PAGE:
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Federal Judges: A Primer

On January 31, 2017, President Trump nominated Judge Neil Gorsuch to the United States Supreme Court.  Supreme Court decisions can have important impacts on employment and civil rights matters.  Accordingly, today’s blog provides an introduction to the Federal court system to show why the Supreme Court is so important.

The Federal court system is established by Article III of the United States Constitution.  The Constitution requires a Supreme Court, but allows Congress to create “inferior” or lower courts.  Indeed, overtime, Congress has passed laws resulting in the Federal court system we have today.  Understanding this system is key to understanding why the Supreme Court is so important.

At the lowest level are the United States District Courts.  District Court judges are nominated by the President and must be confirmed by the Senate, just like Supreme Court justices.  District Judges hold their positions for life; in other words, they do not need to be reappointed or re-elected.  Also at the District Court level, Congress has created Magistrate Judge positions to help with the case load.  Since Magistrate Judges were created by acts of Congress and not pursuant to Article III of the Constitution, Magistrate Judges do not serve for life and they cannot decide all aspects of cases, as District Judges can, unless the parties agree to have the Magistrate Judge hear the case.

District Courts are empowered to hear only certain types of cases, called jurisdiction.  To have a case heard in a Federal District court, the case must involve a question of Federal law or involve parties who live in different states, among other ways.  This is why most cases, such as breach of contracts and car accidents, are heard in State courts which have general jurisdiction to hear a wide variety cases.  Because employment law usually touches on Federal anti-discrimination laws, F&W practices primarily in Federal Courts.  The Federal Courts in our area are the Eastern District of New York (EDNY) which covers Long Island, Brooklyn, Queens, and Staten Island, and the Southern District of New York (SDNY) which covers Manhattan, Bronx, and some lower Hudson valley counties.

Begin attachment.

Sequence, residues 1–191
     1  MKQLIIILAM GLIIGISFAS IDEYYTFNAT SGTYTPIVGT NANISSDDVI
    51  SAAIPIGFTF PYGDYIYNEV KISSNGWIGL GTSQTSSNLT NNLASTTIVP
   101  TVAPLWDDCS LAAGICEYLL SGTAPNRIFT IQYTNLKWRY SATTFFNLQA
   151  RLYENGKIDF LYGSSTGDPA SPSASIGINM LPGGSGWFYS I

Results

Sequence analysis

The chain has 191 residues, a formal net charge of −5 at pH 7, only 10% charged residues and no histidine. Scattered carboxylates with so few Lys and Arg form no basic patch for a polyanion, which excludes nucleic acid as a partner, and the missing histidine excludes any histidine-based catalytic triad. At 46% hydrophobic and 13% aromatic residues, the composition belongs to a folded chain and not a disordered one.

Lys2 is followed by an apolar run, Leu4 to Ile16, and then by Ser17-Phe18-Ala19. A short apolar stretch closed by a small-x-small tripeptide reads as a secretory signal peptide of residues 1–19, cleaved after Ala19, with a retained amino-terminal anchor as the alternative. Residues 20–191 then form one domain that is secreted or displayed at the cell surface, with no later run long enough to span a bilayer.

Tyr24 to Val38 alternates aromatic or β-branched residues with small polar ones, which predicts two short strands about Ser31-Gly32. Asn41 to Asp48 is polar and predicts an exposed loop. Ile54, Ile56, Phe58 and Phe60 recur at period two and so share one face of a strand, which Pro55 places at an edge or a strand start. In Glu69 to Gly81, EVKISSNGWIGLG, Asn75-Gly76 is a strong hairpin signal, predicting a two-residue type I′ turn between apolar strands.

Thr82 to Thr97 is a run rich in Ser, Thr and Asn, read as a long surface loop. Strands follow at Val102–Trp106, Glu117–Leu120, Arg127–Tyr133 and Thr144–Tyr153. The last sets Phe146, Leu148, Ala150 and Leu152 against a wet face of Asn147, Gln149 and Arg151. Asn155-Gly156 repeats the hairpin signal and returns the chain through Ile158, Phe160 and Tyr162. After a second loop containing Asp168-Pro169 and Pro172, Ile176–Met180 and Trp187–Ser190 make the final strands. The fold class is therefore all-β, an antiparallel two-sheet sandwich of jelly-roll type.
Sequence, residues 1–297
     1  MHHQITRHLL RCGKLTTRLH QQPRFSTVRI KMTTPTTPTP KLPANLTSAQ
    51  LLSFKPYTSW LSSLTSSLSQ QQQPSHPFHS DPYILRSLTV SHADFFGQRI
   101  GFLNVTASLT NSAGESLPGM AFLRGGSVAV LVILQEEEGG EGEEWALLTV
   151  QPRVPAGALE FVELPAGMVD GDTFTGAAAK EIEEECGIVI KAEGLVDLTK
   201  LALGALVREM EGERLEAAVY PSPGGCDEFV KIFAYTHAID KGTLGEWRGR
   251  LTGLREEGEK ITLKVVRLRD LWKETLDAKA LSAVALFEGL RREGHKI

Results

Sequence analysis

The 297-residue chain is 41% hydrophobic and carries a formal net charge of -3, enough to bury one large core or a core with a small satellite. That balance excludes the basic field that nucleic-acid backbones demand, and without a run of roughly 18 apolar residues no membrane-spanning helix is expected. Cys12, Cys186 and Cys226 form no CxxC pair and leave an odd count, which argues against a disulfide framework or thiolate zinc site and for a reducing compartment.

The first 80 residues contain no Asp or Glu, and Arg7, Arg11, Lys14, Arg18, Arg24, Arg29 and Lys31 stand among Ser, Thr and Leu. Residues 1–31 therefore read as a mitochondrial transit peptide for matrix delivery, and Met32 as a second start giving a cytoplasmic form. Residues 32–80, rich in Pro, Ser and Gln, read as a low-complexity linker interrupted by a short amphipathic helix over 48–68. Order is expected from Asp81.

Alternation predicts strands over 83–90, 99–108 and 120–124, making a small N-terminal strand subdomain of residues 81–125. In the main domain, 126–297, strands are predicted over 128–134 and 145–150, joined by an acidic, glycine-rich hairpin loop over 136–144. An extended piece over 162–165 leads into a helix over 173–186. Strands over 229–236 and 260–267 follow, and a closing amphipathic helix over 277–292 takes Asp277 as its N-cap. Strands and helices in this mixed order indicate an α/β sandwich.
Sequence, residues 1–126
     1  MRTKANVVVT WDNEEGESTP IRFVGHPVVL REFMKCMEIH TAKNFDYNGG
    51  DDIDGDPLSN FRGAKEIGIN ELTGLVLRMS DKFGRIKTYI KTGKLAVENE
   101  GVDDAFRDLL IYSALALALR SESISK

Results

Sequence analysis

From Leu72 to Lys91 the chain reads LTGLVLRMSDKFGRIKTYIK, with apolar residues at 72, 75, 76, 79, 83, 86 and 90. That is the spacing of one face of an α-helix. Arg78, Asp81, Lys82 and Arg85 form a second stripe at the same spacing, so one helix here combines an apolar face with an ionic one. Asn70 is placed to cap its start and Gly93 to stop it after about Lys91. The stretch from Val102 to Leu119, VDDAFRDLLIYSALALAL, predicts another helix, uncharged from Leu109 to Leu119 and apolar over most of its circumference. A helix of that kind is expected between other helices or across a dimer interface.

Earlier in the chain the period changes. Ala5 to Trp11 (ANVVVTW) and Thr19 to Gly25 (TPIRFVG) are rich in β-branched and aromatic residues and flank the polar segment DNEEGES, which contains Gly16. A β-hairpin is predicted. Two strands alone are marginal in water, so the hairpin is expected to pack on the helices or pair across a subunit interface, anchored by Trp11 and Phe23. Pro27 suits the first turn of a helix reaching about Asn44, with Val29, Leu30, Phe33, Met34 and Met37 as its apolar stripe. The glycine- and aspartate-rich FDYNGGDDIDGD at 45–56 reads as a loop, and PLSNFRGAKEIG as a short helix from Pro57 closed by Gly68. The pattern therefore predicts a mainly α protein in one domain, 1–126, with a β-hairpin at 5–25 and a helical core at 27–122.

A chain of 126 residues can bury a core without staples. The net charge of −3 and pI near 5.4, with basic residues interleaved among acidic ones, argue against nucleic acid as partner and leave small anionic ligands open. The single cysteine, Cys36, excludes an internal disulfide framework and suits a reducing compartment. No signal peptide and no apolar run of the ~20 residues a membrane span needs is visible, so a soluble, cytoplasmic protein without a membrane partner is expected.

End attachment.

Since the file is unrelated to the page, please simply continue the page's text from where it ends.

At the next level are the Courts of Appeals.  Courts of Appeals are divided into 13 “Circuits” and hear appeals from the District Courts in their jurisdiction.  The Circuit Courts generally sit with panels of judges — usually three judges.  The Circuit Judges are similarly appointed by the President, confirmed by the Senate, and then serve for life.

The Second Circuit Court of Appeals sits in Manhattan and takes cases from District Courts in New York, Vermont, and Connecticut.  When a Court of Appeals makes a decision interpreting the law, that interpretation is binding on the District Courts in that Court of Appeals’ jurisdiction for any future Courts facing a similar question decided by the Court of Appeals.  This concept is known as precedent or stare decisis and is vital to understanding how our legal system works.  Notably, while a decision by the Second Circuit is binding on judges in the EDNY or SDNY, it would not be binding on a judge in California or Texas.  Those judges would look for guidance from decisions issued the Court of Appeals in their area.

After the Courts of Appeals comes the Supreme Court, comprised of nine justices appointed by the President and confirmed by the Senate.  Although in some very limited circumstances the Supreme Court can be a court of original jurisdiction, meaning the lawsuit is begun in the Supreme Court, it generally acts an appellate court, hearing cases that started in the District Courts and made their way through the Courts of Appeals or through State court systems.  The Supreme Court is the highest Court in the nation. This means that when the Supreme Court makes a decision interpreting the law, that interpretation is binding on all the other Courts in the country and even on the Supreme Court, were it to hear a similar case in the future.  This is why the Supreme Court is so important and why nominations can be divisive.  Supreme Court justices are appointed for life, and so they can influence Court decisions for generations.  All nine justices hear all cases, so each justice alone is just a “vote,” but because the opportunity to appoint a new judge comes along infrequently, each selection is important in framing the court as a whole.

The Supreme Court does not necessarily have to be the “end of the line” on any issue, though.  The Supreme Court is like the other branches of government and so there are checks and balances.  If Congress or the People disagree with an interpretation, Congress can change the law or a Constitutional amendment can be passed.  This most recently and famously happened in 2009 with the “Lilly Ledbetter Act.”  After the Supreme Court interpreted a provision of the Equal Pay Act in a way in which Congress disagreed (the plaintiff in that case was Lilly Ledbetter), Congress passed a law clarifying its intentions and essentially overturning the Supreme Court’s decision.

If you have questions about the Federal court system, the Supreme Court, or the nomination process, contact the employment lawyers on Long Island at Famighetti & Weinick, PLLC at 631-352-0050 or visit our website at http://linycemploymentlaw.com.

United States Supreme Court
United States Supreme Court

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